Saturday, August 25, 2012


   If possible, we try and see historical sites if we are able. On our trip to see flooded areas in Tarloc, we were close to a memorial for the preservation of history of the World War II Death March in Capas, Bataan.
   The memorial honors more than 30,000 Filipino Soldiers and 2500 American Soldiers that lost their lives in a brutal march of about 70 miles to the Province of Bataan.
   After a 3-month long battle in western Luzon in January to April 1942, the American and Philippine armies were without food, water and ammunition. General MacArthur had returned to Australia and turned control of the Philippines over to General Wainwright. His lead in the Luzon Forces was General Edward King. Without knowledge given to General Wainwright, General King surrendered to the Imperial Japanese Army. What ensued was a brutal and deadly march to a prison camp to the north in the Bataan province.
   Part of the march included soldiers being placed in cattle cars for the last part of the trip. Cars that may hold 50 soldiers were loaded with 100 to 150 men. Many deaths occurred due to suffocation or even being trampled if they fell.
   Even after arriving at the camp thousands more died. Of the estimated 72,000 men taken prisoner, upon liberation only 4000 were alive.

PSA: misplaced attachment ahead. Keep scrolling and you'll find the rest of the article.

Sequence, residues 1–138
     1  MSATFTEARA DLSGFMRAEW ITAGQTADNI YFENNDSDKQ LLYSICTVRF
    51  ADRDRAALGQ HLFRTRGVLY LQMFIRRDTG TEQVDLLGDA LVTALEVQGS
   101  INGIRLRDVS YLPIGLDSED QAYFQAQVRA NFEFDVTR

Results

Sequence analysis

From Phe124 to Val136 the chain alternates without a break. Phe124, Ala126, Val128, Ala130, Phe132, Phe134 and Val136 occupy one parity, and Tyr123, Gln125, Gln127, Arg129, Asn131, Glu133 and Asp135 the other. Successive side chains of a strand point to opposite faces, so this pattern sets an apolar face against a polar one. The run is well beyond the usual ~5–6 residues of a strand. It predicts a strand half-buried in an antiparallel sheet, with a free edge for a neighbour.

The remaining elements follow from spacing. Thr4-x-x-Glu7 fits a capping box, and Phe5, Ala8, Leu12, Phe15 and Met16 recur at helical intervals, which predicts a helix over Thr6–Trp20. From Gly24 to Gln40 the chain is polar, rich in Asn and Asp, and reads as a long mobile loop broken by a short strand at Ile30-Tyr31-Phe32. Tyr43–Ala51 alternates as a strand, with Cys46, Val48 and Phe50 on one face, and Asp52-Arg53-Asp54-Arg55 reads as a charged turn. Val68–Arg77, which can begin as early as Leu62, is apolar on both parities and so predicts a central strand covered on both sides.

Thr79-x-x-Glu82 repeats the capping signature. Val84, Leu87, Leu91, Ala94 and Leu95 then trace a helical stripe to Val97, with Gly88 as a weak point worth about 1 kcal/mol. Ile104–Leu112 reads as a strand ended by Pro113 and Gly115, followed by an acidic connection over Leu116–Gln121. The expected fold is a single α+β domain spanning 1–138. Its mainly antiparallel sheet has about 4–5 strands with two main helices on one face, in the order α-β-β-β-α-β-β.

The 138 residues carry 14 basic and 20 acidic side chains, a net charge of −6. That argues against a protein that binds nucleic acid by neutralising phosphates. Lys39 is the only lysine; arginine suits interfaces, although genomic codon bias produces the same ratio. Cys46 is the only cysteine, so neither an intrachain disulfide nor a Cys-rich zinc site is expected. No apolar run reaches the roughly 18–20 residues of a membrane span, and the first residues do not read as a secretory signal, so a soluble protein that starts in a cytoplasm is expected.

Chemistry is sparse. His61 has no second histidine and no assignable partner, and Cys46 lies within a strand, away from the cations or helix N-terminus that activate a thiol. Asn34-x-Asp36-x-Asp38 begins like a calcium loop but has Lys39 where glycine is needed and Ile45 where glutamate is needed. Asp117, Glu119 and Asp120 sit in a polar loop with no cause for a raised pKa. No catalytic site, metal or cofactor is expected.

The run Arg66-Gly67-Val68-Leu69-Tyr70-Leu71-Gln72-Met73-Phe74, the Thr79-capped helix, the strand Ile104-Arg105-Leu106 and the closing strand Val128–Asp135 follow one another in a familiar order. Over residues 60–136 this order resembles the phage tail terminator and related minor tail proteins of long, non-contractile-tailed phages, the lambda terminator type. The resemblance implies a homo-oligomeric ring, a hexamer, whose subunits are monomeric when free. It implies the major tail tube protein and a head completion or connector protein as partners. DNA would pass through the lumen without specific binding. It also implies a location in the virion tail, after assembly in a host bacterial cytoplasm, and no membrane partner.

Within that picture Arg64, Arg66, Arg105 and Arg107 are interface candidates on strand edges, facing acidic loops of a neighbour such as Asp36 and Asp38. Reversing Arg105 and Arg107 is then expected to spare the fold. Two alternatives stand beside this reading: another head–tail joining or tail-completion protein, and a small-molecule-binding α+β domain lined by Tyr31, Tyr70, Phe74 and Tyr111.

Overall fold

This is the scene as we entered the memorial. The 'no entry' is for automobiles, foot traffic is allowed here. There are actually 2 memorials in this area for the death march, this is the newest one.
This is a separate memorial for the Americans. 2500 names are engraved on the walls that form this remembrance.
This cross is a replica of one that was made and hidden in the prison camp. It's existence gave the prisoners hope. It was hidden from the guards. If it would have been discovered, many men would have been killed.
This is the main memorial that recognizes the Filipinos that were lost in this terrible event. Over 30,000 soldiers from the Philippine Army and Philippine Scouts were lost here.
The main structure rises over 200 ft and is made of black cement.
Etched in the surrounding wall of the tower are names of the Filipinos that lost their lives. There is really only one reason that these memorials stand in my opinion. The hope that these atrocities will never be repeated.
I have included a link in the next part of our blog of the death march. It would be something that children should not read.


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